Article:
University of Phoenix
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Evolution of Public Health: Sir Alexander Fleming
The discovery of penicillin by Sir Alexander Fleming is believed to be one of the greatest gifts every made to humankind. This discovery introduced the era of antibiotics to the world (Calvo, 2000). Staphylococcus aureus causes various pus-forming infections such as boils, styes, pneumonia, urinary tract infections, and more seriously osteomyelitis and endocarditis (Todar, PhD, 2008). The recurring theme of Sir Fleming’s career was to find a chemical substance that would kill infections bacteria without killing surrounding tissue (“Sir Alexander Fleming,” 2004).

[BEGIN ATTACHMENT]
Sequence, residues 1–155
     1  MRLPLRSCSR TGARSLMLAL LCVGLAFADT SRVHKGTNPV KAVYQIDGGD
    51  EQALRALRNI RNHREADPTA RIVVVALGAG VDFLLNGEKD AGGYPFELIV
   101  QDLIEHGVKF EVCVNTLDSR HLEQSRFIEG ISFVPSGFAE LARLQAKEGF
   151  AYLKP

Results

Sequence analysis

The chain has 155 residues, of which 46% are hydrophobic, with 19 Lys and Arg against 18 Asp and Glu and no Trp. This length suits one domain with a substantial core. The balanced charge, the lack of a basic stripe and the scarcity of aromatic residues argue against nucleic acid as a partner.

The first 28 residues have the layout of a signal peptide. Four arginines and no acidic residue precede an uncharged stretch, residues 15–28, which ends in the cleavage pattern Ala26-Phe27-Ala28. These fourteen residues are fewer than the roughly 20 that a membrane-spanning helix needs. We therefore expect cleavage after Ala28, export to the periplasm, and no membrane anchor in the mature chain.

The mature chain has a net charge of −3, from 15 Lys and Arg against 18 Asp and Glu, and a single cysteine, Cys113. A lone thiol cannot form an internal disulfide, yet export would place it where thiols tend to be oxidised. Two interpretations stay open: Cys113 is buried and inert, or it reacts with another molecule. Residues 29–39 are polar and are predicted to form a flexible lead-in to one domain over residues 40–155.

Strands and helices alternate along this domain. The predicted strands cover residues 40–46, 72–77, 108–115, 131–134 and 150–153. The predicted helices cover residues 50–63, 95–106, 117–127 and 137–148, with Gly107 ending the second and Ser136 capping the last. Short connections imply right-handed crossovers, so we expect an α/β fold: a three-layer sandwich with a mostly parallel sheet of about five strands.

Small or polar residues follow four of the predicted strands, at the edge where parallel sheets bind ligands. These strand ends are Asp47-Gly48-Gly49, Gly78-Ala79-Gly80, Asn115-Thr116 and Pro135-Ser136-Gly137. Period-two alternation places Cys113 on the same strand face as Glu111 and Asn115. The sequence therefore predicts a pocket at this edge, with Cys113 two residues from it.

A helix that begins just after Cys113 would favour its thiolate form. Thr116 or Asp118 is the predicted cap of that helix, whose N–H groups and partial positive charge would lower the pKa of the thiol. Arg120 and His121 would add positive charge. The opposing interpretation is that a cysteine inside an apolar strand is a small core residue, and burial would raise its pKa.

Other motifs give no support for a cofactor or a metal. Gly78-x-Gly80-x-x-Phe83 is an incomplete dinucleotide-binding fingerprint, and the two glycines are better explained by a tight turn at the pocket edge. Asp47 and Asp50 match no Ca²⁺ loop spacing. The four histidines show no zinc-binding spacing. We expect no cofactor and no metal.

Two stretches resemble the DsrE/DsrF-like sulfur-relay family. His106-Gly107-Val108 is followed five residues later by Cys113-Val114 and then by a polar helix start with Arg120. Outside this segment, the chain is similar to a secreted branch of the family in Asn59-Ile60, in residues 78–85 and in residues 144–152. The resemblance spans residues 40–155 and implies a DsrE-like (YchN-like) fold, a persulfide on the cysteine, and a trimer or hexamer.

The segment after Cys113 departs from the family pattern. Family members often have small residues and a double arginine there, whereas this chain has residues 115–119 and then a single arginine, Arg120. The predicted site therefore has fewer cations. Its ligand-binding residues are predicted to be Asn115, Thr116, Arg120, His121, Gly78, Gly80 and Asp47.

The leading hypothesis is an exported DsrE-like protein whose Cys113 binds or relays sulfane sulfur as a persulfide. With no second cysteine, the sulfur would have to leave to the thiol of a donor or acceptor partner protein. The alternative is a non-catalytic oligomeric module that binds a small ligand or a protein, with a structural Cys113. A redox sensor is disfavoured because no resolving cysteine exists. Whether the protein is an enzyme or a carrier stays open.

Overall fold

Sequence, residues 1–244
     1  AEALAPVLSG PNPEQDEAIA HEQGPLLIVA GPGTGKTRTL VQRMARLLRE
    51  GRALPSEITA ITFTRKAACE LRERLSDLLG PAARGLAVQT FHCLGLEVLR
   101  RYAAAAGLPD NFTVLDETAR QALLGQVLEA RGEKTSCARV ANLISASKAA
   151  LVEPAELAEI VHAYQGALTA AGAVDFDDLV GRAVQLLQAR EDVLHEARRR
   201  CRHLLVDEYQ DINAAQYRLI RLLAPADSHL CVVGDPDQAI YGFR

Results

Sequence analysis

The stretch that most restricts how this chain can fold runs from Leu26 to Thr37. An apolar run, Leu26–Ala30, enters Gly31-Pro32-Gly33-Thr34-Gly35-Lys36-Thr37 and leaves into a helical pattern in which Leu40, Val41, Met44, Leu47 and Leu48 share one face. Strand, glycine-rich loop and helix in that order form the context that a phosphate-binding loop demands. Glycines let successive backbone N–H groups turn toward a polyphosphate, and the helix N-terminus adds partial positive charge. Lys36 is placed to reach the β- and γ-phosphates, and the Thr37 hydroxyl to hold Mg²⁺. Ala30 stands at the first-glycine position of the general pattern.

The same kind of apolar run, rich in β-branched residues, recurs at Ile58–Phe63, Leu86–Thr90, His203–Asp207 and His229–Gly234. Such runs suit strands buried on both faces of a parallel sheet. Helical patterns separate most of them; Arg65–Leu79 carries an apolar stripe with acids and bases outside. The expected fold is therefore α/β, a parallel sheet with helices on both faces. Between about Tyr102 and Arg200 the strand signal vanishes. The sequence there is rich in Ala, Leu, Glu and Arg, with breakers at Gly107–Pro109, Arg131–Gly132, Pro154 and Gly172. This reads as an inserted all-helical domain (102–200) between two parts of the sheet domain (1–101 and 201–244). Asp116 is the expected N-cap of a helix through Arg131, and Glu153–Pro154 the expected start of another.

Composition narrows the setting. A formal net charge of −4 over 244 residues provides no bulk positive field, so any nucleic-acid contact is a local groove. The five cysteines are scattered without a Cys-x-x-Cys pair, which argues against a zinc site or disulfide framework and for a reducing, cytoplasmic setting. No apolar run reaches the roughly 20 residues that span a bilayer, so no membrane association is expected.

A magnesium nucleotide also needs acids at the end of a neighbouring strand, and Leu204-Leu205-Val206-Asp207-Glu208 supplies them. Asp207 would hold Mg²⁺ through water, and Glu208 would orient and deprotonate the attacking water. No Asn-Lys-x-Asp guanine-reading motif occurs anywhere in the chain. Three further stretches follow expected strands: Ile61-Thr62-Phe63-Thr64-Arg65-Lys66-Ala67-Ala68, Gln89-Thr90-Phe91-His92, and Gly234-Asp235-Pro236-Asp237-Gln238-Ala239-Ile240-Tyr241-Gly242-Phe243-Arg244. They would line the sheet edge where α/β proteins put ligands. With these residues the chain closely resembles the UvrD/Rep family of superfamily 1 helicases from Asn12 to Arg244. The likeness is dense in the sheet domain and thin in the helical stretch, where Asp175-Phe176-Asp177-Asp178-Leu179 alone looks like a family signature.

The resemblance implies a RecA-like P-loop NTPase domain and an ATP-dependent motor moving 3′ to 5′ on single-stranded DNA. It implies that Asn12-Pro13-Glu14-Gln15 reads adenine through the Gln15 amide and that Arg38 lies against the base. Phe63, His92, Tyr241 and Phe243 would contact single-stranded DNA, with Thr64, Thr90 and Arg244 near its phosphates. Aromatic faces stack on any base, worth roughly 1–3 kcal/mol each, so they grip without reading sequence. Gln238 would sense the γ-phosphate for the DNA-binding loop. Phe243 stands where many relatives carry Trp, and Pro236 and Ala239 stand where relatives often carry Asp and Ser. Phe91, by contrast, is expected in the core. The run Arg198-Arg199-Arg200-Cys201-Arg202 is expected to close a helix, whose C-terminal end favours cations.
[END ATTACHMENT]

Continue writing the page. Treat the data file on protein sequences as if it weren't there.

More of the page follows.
Sir Alexander Fleming was a Scottish bacteriologist in the 20th Century. He was taught by his father, Hugh Fleming, how to develop observation skills and reasoning abilities. At 13, he was forced to leave Scotland to find work in London, England, where he lived with his brothers. While living in London, he attended Polytechnic School and after being left an inheritance by an uncle, he was able to attend medical school at St. Mary’s Hospital Medical School (“Sir Alexander Fleming,” 2004). He eventually received his licentiate from the Royal College of Physicians and chose...